She won’t be leading the Crimson, but green shouldn’t be a problem.
Outgoing Harvard President Claudine Gay will still likely earn nearly $900,000 a year despite being forced to resign her position as the school’s top administrator.
Political Science professor Gay — who stepped down amid a tempest of allegations she did not do enough to combat antisemitism and academic plagiarism Tuesday — will now return to a position on the Cambridge, Mass., school’s faculty.
Prior to being named president just six months ago, Gay earned $879,079 as a Faculty of Arts and Sciences Dean in 2021 and $824,068 in 2020, according to records published by the university.
Her new position was not specified Tuesday, but she is expected to receive a salary comparable with what she previously received — if not higher.
It was also unclear how much of her presidential salary of roughly $1 million Gay would be entitled to after only serving in the post for six months.
Her predecessor, Lawrence Bacow, pulled in $1.3 million annually before his departure, according to the Harvard Crimson.
Alan M. Garber, who currently serves as provost and chief academic officer, will serve as interim president until the school selects a new chief, officials said Tuesday.
House GOP Conference Chairwoman Elise Stefanik — a Harvard graduate who emerged as Gay’s chief critic — ripped the decision to allow her to remain on the faculty.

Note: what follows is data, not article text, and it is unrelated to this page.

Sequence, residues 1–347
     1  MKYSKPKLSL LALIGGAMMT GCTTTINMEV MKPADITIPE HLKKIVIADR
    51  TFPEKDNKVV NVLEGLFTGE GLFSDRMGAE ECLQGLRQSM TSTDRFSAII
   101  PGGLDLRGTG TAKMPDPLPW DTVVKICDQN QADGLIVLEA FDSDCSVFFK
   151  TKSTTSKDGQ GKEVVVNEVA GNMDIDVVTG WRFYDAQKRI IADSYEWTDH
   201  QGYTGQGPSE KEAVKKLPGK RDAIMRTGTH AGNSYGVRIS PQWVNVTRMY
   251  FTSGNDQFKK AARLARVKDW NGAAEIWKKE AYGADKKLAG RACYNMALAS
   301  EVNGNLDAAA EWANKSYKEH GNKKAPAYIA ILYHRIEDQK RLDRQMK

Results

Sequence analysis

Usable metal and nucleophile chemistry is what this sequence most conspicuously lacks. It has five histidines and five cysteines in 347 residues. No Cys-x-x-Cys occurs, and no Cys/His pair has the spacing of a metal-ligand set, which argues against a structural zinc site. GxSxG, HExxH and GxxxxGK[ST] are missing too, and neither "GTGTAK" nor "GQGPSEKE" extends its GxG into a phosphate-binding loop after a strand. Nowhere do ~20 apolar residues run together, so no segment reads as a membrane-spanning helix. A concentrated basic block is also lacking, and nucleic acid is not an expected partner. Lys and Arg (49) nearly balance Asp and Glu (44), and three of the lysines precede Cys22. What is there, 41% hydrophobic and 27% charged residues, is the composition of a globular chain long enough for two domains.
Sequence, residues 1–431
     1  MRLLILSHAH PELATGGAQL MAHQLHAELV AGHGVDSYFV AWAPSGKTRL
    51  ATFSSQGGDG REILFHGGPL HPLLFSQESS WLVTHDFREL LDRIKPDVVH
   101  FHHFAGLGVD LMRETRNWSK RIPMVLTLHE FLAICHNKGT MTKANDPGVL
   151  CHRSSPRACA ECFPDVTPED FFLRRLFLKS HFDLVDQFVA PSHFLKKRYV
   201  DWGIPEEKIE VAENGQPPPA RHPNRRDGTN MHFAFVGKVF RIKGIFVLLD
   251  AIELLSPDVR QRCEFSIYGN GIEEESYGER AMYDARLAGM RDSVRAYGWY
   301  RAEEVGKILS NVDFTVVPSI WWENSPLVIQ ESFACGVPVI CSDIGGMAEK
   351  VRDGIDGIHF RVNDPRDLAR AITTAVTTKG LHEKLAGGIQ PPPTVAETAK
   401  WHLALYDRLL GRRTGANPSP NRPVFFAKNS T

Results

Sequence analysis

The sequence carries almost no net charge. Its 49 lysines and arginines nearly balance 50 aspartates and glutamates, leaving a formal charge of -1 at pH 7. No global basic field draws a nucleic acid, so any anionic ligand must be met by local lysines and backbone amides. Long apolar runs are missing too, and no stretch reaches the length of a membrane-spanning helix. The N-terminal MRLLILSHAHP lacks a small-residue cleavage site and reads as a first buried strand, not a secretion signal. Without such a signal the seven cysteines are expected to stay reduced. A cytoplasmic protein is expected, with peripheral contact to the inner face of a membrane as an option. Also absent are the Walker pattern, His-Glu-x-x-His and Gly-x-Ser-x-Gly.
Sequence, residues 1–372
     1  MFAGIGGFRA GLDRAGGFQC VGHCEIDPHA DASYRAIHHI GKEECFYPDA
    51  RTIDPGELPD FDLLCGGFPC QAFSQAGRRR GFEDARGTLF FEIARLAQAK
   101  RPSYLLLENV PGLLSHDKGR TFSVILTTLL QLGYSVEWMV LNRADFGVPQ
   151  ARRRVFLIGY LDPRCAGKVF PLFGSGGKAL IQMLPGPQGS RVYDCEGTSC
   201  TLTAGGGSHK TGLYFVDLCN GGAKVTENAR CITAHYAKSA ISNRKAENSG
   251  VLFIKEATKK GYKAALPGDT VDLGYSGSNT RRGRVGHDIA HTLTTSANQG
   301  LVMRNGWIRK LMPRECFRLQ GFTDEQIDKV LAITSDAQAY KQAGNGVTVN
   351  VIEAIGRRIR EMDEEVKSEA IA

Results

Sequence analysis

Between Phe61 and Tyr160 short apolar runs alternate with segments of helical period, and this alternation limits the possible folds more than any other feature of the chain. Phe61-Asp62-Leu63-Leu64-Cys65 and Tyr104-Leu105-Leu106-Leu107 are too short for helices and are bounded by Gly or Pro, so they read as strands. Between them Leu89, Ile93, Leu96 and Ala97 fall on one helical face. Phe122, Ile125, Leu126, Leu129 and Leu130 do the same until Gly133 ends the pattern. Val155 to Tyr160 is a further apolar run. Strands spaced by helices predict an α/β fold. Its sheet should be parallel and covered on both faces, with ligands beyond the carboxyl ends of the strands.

Stefanik argued that Gay’s plagiarism charges are an indelible stain that mars the school’s legitimacy.
“She’s not fit to be a faculty member,” Stefanik told The Post.
“It’s unacceptable when you have students at Harvard who would be expelled for plagiarism to allow a faculty member who has nearly 50 examples of plagiarism in their very slim body of academic work. It’s absurd and everybody know it. Harvard knows it too.”
A member of Harvard’s student Honor Council also accused administrators of having differing ethical standards for faculty and students.
“Gay’s getting off easy,” the anonymous student told the school paper, noting the simple omission of a quotation mark or absent citation could result in serious consequences such as one term of probation and the stripping away of the student’s “good standing” status.
Following Gay’s departure, there are rumblings that the board which publicly stuck by her until the very end should also be shaken up.
Visiting Chemistry scholar Frank Laukien singled out billionaire Chicago hotel owner and Senior Fellow of the Harvard Corporation Penny Pritzker, telling the New York Times she should “share accountability and resign immediately.”
He added in an email: “We need multiple new independent members on the Harvard Corporation that are not tainted by recent events and failures, and who are not part of the long-standing cronyism at the top of Harvard.”
Gay — who said she was stepping down to allow the school to stabilize amid the firestorm — added in her resignation statement she’s looking forward to returning to a faculty post “and to the scholarship and teaching that are the lifeblood of what we do.”